As a result of Covid-19, face coverings are required as visitors boarded into the ferries in British Columbia. I was well prepared as I followed with the updates. Our original plans of camping this year had been canceled, so a visit to Victoria, British Columbia, sounded ideal.
“Named for Queen Victoria, the city is one of the oldest in the Pacific Northwest, with British settlement beginning in 1843. The city has retained a large number of its historic buildings, in particular its two most famous landmarks, Parliament Buildings (finished in 1897 and home of the Legislative Assembly of British Columbia) and the Empress hotel (opened in 1908). The city’s Chinatown is the second oldest in North America after San Francisco’s. “—- Wikipedia
Savour The Moment
The first couple days was pretty sunny, so ice cream was the perfect idea! We dropped by Milkcow, which apparently was a popular spot for soft-serve. Unfortunately, the machine broke down that day. Hence, regular vanilla ice cream was used for the yuzu drink.
Being beside the fisherman’s wharf meant that seafood was extremely fresh. Spot prawns was in season, so I had to try the fresh Spot Prawn Tacos!
The food stall was also a part of a seafood shop, so we picked up a couple pounds of clams and a tub of seafood chowder.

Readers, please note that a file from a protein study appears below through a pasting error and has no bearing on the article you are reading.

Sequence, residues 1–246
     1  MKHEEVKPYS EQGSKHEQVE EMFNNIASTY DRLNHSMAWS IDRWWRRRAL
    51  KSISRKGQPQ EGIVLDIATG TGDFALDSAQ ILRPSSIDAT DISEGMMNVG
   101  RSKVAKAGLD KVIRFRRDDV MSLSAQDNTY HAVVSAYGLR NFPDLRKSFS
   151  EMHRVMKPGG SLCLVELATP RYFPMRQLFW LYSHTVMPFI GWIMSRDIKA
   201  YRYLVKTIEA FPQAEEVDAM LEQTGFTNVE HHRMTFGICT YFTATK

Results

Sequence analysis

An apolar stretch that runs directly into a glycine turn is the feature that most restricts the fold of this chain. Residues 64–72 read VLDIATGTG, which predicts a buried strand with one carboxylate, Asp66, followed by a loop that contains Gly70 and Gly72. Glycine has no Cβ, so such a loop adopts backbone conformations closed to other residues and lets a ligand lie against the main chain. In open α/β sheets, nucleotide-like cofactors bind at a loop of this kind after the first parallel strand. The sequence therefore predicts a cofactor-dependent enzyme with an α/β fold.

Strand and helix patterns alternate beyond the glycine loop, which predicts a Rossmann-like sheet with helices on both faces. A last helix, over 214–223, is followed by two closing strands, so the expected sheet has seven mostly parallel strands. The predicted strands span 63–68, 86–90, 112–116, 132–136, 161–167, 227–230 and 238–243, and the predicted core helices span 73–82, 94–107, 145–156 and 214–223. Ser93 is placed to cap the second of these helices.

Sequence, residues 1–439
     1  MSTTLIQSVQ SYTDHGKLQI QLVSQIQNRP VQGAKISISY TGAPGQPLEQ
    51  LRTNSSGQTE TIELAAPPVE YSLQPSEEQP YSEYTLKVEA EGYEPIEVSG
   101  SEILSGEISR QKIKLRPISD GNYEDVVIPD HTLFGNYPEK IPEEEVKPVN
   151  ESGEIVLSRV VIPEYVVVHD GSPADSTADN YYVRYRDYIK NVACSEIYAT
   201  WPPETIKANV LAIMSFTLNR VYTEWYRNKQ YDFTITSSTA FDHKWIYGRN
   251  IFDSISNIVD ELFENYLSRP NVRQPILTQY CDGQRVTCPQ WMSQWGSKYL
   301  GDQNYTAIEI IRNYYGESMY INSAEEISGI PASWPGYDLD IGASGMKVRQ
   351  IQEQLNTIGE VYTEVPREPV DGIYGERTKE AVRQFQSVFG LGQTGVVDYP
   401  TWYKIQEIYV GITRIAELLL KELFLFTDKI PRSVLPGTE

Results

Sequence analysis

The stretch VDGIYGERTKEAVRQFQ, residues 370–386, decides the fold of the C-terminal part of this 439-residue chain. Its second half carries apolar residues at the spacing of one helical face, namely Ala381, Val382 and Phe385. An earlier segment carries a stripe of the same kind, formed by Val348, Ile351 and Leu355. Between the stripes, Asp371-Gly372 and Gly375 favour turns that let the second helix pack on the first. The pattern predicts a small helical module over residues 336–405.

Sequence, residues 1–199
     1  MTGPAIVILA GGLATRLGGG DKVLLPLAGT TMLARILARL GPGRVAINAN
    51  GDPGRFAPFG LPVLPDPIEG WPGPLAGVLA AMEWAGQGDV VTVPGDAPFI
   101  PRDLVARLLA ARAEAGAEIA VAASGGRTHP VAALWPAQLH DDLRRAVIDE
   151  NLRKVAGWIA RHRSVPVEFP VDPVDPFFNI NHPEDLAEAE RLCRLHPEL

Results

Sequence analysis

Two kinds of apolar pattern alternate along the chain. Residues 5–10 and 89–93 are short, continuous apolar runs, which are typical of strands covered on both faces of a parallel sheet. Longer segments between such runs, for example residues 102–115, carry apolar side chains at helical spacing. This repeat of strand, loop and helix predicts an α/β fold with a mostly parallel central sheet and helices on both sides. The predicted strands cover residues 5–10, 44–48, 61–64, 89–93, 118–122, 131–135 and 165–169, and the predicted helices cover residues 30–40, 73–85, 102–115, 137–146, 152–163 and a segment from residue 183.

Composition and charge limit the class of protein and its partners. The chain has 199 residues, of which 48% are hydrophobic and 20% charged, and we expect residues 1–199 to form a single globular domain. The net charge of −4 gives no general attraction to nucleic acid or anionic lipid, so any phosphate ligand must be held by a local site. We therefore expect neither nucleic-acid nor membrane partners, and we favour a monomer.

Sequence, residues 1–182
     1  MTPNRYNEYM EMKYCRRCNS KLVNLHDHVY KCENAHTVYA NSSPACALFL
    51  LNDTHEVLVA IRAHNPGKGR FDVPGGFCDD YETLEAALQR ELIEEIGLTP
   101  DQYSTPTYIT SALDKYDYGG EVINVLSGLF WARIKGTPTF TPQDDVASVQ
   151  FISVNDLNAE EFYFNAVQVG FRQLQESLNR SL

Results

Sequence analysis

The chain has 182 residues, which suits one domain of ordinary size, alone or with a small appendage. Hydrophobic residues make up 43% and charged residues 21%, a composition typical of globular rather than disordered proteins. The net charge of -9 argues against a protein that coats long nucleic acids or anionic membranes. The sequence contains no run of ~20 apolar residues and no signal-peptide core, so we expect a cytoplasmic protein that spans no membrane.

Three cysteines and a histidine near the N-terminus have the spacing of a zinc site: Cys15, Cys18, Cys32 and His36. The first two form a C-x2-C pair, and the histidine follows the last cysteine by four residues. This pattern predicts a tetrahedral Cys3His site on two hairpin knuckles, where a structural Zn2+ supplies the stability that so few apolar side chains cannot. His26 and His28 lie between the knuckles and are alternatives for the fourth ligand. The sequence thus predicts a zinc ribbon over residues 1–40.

“Mile 0 of the Trans Canada Highway is located on Douglas Street at the intersection of Dallas Road, near the beautiful Victoria waterfront. The Mile 0 marker is the start of the over 8,000 km Trans-Canada Highway that spans the entire length of Canada. The monument is located on a large grassy field adjacent to the beautiful Beacon Hill Park.
Mile 0 is also home to a statue of Terry Fox. Fox lost his right leg to cancer when he was 18 years old. He started a cross-Canada run to raise money for cancer research, beginning in Newfoundland on the East coast of Canada, and was to end at the Mile 0 marker in Victoria. Unfortunately, Fox’s journey ended tragically near the halfway mark when he fell ill and passed away from cancer. Since then, hundreds of millions of dollars has been raised in his name for cancer research.“— Tourism Victoria
I grew up learning about Terry Fox as one of Canada’s national hero! He was such an inspiration to many of us.
Restaurants were just beginning to open back up, but with limited seatings. The Village on Cook St. only served a smaller menu and shorter hours to test out the responses of the customers. It definitely caught a lot of attention as most of us sat outside in the patio.